Johns Hop­kins spin­out spot­lights a show­case an­i­mal test for an­ti­body-lig­and I/O traps — match­ing check­points with a rein on Tregs

With the block­buster pop­u­lar­i­ty of PD-1/L1 check­points chang­ing the way tu­mors are treat­ed around the world, the spot­light in re­search has shift­ed away from the suc­cess­ful though lim­it­ed and some­what crude first gen­er­a­tion of these ther­a­pies to new ways to amp up their ef­fi­ca­cy and dura­bil­i­ty.

One of the key hur­dles, in­ves­ti­ga­tors have found, is the gen­er­a­tion of reg­u­la­to­ry T cells — Tregs — that sup­press the im­mune re­sponse to can­cer cells. And now a re­search team at Johns Hop­kins led by At­ul Be­di, a prac­tic­ing on­col­o­gist and as­so­ciate pro­fes­sor at Johns Hop­kins Uni­ver­si­ty School of Med­i­cine, say they have de­vel­oped an an­ti­body/lig­and with a bi­fur­cat­ed war­head that can do a bet­ter job on the check­point side while blunt­ing the Tregs that both pre­vent ef­fi­ca­cy as well as help trig­ger a grad­ual loss of po­ten­cy, lead­ing to re­cur­rence.

Work­ing with soft­ware from the AI/ma­chine learn­ing spe­cial­ists at Bal­ti­more-based In­sil­i­co Med­i­cine, re­searchers were able to do a sig­nif­i­cant amount of path­way ex­plo­ration. They found that ac­ti­va­tion of the trans­form­ing growth fac­tor-β (TGFβ) path­way was linked to the pres­ence of the FOXP3 bio­mark­er, spot­light­ing its link to Tregs. So the re­search team un­der Be­di cre­at­ed a Y-trap: fus­ing a CT­LA-4 an­ti­body as well as a PD-1 with a “TGFβ trap” de­signed to turn off, redi­rect and delete Tregs.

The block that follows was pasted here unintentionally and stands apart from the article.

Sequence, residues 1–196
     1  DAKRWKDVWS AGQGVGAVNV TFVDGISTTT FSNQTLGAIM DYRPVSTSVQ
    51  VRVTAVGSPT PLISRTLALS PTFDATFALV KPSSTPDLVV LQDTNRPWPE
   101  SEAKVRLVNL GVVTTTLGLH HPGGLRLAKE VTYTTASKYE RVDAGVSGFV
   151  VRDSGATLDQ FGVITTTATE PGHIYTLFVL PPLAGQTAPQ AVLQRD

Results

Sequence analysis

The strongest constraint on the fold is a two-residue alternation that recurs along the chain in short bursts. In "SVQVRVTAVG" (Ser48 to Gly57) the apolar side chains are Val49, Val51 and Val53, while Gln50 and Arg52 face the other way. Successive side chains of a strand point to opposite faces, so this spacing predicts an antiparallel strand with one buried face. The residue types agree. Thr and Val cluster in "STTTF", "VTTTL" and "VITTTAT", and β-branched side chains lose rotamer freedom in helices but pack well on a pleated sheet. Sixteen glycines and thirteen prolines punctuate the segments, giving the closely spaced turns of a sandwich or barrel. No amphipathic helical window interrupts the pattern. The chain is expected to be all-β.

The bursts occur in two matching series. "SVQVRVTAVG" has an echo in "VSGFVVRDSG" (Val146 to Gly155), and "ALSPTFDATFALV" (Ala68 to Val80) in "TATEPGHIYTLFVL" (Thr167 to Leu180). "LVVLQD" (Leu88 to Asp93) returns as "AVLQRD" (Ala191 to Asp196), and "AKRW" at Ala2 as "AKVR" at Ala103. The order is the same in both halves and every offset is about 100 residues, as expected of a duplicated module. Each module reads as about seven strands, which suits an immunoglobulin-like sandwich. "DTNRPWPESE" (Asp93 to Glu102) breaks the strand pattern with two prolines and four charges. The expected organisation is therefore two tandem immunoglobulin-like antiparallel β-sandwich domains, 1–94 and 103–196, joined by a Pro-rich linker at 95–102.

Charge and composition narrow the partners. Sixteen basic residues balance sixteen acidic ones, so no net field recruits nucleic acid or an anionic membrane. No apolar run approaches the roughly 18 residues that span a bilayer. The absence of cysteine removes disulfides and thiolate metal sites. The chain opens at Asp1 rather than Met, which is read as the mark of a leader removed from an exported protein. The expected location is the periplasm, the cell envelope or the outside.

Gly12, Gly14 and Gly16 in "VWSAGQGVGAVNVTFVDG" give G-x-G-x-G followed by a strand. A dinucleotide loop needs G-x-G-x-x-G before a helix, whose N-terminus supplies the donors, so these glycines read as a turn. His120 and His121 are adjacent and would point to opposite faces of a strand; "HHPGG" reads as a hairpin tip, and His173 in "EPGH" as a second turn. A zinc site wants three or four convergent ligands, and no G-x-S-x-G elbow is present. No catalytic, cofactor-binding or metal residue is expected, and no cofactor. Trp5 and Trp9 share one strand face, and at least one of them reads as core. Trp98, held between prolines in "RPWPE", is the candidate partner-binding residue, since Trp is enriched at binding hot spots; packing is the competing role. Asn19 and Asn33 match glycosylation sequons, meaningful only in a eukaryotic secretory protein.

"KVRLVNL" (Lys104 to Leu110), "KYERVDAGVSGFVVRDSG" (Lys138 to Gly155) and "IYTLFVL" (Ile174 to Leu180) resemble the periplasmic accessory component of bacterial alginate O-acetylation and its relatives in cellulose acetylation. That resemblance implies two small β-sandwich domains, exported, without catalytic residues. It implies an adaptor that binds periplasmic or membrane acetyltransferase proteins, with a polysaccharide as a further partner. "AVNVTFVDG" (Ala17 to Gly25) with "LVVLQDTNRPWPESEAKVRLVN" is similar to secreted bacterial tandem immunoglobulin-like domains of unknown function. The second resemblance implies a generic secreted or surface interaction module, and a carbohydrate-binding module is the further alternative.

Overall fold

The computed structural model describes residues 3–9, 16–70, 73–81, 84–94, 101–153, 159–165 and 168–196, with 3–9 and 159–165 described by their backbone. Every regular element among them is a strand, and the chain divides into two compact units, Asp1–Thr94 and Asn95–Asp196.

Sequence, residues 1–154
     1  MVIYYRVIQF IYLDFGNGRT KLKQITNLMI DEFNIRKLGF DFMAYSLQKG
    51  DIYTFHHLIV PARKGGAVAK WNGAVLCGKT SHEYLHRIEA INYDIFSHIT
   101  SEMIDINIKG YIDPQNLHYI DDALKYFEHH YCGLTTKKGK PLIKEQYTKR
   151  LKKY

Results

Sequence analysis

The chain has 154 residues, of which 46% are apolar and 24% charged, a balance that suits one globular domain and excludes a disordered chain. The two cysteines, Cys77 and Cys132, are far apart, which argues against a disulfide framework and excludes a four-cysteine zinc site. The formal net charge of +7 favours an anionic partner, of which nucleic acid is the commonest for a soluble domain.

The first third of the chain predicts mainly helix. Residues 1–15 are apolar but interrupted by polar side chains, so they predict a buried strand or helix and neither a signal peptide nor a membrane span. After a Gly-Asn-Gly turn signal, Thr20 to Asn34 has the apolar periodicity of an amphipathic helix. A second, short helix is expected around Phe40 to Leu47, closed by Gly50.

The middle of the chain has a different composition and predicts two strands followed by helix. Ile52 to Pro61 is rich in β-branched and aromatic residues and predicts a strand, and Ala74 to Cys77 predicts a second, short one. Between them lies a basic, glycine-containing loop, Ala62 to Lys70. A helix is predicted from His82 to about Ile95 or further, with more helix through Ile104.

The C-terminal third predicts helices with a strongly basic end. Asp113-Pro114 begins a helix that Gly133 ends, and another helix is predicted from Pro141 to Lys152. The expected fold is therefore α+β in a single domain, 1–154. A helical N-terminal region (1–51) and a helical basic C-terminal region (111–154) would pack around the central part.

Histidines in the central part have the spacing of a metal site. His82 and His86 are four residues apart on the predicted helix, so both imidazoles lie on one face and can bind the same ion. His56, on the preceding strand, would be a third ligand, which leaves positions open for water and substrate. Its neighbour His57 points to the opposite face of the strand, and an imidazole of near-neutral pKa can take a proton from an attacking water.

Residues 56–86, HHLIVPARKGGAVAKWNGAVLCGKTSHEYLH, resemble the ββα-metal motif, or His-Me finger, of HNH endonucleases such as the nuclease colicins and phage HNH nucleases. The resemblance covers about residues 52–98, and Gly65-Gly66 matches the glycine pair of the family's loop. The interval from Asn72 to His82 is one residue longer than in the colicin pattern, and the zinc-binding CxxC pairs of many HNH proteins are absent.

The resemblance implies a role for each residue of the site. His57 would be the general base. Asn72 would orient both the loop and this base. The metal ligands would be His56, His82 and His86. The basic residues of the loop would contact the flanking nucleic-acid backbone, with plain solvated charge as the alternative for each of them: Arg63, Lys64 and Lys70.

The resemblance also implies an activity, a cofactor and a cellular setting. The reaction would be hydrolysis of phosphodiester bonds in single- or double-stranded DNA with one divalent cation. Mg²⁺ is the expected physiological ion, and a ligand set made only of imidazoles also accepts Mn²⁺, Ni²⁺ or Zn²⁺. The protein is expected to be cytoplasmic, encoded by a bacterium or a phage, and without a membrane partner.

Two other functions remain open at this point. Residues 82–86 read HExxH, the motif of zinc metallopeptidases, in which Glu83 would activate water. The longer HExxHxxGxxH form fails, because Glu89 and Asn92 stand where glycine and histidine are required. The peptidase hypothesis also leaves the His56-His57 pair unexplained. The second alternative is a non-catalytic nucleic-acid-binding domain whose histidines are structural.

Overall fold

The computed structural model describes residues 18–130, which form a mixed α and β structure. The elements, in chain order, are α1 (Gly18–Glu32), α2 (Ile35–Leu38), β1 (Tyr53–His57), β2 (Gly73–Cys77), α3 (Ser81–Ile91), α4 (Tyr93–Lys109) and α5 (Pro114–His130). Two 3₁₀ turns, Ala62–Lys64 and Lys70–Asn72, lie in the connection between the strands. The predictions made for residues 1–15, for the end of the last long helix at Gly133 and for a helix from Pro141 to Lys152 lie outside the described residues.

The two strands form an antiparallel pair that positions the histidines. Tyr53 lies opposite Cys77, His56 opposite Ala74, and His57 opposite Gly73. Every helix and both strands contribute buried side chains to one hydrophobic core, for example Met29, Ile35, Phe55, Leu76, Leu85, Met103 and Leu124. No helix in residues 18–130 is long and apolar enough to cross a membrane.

“This Y-trap not on­ly dis­ables CT­LA-4 func­tion, but dis­rupts the TGFβ feed­back loop that is nec­es­sary for in­duc­tion and main­te­nance of Tregs in the tu­mor,” says Be­di, who li­censed the tech through Johns Hop­kins to a start­up called Y-Trap, Inc, which he man­ages with San Fran­cis­co-based CEO So­nia Bhan­ot.

This first project is still very much at the pre­clin­i­cal phase, with re­searchers work­ing with mouse mod­els of can­cer. And longterm suc­cess with mouse mod­els of can­cer is rare. But the use of AI com­bined with bet­ter drug de­sign has de­liv­ered what the re­searchers vow is a su­pe­ri­or an­ti­body-lig­and con­struct, with an­i­mal da­ta to back up its claim that the Y-traps are able to sur­pass ate­zo (Roche’s PD-L1 Tecen­triq) and avelum­ab (Baven­cio from Pfiz­er and Mer­ck KGaA) with a promise to be able to break out of the 1 in 5 or so ra­tio on ef­fi­ca­cy with a bet­ter prog­no­sis for dura­bil­i­ty. And they’re fo­cused ini­tial­ly on can­cers where there’s a known re­sis­tance to check­point ther­a­pies.

Be­di ex­plained to me that his work on Y-traps has been evolv­ing for the past 6 years. Boot­strap­ping the work with grants from the NIH as well as re­gion­al groups, he says he’s brought in a seed round from pri­vate in­vestors and built the frame­work for an ad­vanced pre­clin­i­cal plat­form com­pa­ny with a new tech­nol­o­gy that can branch out in­to a va­ri­ety of dif­fer­ent fields, in­clud­ing in­fec­tious dis­eases, where the im­mune sys­tem plays a key role. And he has a full set of I/O Y-trap pro­grams that can be brought to­geth­er to at­tack dif­fer­ent hur­dles — like cell ex­haus­tion — fac­ing the first gen­er­a­tion of check­points, get­ting straight in­to the tu­mor mi­croen­vi­ron­ment.